I recently read Alan Cooper’s book The Inmates Are Running the Asylum, which came out in the late 1990s. Cooper is known as the “Father of Visual Basic” and founder of Cooper, a San Francisco design consultancy. In his book, he takes a comprehensive look at software companies’ engineering-centric development processes and how they lead to unusable software. The book is a must-read for interaction designers.
For me, the most memorable part of the book is the chapter “Designing for Power,” in which Cooper discusses—among other interesting topics—why we should design human-like politeness into software. In this two part series of articles, I’ll discuss Cooper’s fourteen characteristics of polite software, providing relatable examples—both good and bad. I hope this approach to software design will be as helpful to you as it has been for me. Read More
Design professionals often decry the lack of importance and investment their companies place on design. After all, most software projects revolve around a product’s engineering, to the ongoing detriment of its design—not to mention the chagrin of so many designers, who wriggle uncomfortably toward the bottom of the food chain. But there is a good reason for this: products can be very profitable without investing a single penny in interface design—at least, beyond the user interfaces the engineers build. Indeed, at least in the early stages of a market or company, resources dedicated to intentional interface design are often a bonus rather than being viewed as a necessity. Sound crazy? Consider the natural and normal evolution of a software product. Read More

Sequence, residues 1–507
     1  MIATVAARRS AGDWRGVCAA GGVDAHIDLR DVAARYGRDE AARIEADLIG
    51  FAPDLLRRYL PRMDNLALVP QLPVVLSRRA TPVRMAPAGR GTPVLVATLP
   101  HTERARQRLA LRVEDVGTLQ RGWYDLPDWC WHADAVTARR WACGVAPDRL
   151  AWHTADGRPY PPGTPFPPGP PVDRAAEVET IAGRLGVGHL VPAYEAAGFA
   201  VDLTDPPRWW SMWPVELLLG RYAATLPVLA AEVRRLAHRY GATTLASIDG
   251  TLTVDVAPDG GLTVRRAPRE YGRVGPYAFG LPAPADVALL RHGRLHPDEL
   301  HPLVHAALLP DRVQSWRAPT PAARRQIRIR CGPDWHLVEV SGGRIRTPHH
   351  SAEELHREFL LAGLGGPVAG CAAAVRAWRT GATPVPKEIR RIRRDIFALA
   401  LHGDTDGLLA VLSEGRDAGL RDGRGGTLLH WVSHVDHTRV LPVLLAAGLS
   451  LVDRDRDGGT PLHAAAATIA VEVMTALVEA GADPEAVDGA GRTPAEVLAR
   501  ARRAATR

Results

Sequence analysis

In Part 1 of this two-part series, I highlighted the study Byron Reeves and Clifford Nass conducted at Stanford University, which showed that people treat computers, Web sites, applications, and other new media just as they treat other people. The study’s findings formed the basis of my article’s core argument: we should strive to design human-like politeness into software.
In his book The Inmates Are Running the Asylum, Alan Cooper describes fourteen characteristics of polite software. I discussed the first nine of those characteristics in detail in Part 1. Now, in Part 2, I’ll cover the remaining five characteristics of polite software, providing several examples. Read More